Thursday, December 09, 2004

Tease Please: a guide to London burlesque

The word burlesque comes from the latin burlare- to laugh at. In the mid-nineteenth century burlesque meant the comedies that the lower classes used to put on to parody the upper classes, with the female actresses flaunting their bodies in tights to outrage Victorian society. Over time, it evolved into today’s defintion of striptease, with the girls showing more and more skin to keep pulling the punters in. Burlesque was banned in New York in the late ‘30s, the advent of television in the ‘50s then emptied the rest of the burlesque theatres around the country into their living rooms to be bewitched by their new TV sets. The revival was kickstarted in the 80s, when Dixie Evans, who was known as the Marilyn Monroe of burlesque in its heyday, collected together Jayne Mansfield’s heart-shaped couch along with Gypsy Rose Lee’s glove collection and started the Exotic World museum on Route 66, between LA and Las Vegas. Hollywood turned the spotlight on burlesque with Moulin Rouge and its Lady Marmalade video. The trend trickled over to London from America about two years with the opening of The Whoopee Club. Now, in today’s world of Abi Titmuss and Zoo magazine, burlesque suddenly feels fresh and inspiring again. It’s a strip club without silicon, with curvy body shapes. The boys get all the titillation of seeing a nearly nudie lady and the girls feel comfortable and love the glamour. Here’s our guide to the top ten burlesque nights in London. Just remember, the unspoken rule is that the audience is just as interesting to look at as the performers, so dress up. And if your going to try and twirl your nipple tassles, the trick is not to look down.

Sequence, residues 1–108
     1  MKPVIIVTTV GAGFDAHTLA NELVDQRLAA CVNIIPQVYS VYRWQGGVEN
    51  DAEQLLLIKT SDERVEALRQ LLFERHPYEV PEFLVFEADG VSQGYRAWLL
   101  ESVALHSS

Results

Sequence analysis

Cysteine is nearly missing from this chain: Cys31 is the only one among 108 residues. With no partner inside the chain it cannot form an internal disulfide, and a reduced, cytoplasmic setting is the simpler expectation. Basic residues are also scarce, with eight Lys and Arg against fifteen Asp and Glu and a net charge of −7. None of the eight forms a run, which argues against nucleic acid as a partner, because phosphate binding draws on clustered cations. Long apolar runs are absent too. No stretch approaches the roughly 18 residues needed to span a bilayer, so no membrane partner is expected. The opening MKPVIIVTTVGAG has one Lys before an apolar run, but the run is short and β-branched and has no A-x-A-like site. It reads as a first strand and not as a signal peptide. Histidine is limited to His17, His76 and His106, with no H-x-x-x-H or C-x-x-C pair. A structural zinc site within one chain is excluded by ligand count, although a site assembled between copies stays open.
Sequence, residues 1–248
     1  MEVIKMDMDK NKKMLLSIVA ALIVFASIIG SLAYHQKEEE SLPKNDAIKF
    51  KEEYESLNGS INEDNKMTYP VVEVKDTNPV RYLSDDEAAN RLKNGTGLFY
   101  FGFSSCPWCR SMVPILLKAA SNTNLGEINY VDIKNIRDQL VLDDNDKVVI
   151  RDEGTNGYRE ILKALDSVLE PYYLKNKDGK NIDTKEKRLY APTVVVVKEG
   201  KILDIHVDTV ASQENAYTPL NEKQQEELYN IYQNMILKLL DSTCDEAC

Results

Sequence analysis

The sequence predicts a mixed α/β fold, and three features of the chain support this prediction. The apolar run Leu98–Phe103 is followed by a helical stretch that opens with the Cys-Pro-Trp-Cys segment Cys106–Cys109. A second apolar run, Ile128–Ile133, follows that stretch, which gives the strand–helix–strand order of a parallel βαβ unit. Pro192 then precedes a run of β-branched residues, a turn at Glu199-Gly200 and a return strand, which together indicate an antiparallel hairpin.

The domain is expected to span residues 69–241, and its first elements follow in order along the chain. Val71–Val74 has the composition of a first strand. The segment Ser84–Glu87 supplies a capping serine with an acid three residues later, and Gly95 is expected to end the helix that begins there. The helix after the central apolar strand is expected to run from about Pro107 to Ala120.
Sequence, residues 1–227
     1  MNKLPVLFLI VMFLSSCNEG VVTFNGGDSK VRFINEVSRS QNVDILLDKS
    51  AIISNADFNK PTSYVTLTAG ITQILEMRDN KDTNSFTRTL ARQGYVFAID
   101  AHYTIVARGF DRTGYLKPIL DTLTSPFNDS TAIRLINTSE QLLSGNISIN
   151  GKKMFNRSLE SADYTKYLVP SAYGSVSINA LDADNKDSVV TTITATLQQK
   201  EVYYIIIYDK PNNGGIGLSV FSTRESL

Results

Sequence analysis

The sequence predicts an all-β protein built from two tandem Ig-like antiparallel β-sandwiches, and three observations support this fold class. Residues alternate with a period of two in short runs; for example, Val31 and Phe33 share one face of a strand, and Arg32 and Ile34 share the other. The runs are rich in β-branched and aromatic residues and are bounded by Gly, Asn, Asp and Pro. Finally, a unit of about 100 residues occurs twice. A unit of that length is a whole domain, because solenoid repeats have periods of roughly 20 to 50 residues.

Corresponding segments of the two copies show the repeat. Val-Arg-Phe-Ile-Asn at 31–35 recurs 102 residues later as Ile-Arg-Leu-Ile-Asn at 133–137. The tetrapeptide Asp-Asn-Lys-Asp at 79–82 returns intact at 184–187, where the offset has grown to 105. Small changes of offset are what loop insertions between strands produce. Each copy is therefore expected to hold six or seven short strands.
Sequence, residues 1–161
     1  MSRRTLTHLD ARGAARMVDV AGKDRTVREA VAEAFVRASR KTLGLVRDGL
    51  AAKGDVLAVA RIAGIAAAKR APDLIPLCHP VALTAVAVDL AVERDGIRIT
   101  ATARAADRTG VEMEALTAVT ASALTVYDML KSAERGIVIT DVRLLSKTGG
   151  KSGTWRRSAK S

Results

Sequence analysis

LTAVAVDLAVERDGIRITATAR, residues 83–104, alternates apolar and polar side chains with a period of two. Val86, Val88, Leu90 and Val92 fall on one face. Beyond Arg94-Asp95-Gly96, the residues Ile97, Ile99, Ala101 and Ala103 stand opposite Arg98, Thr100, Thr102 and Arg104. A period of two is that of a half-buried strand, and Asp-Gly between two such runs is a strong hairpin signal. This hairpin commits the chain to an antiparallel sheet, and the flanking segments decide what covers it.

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November 5, 2005 at 7:24 PM  

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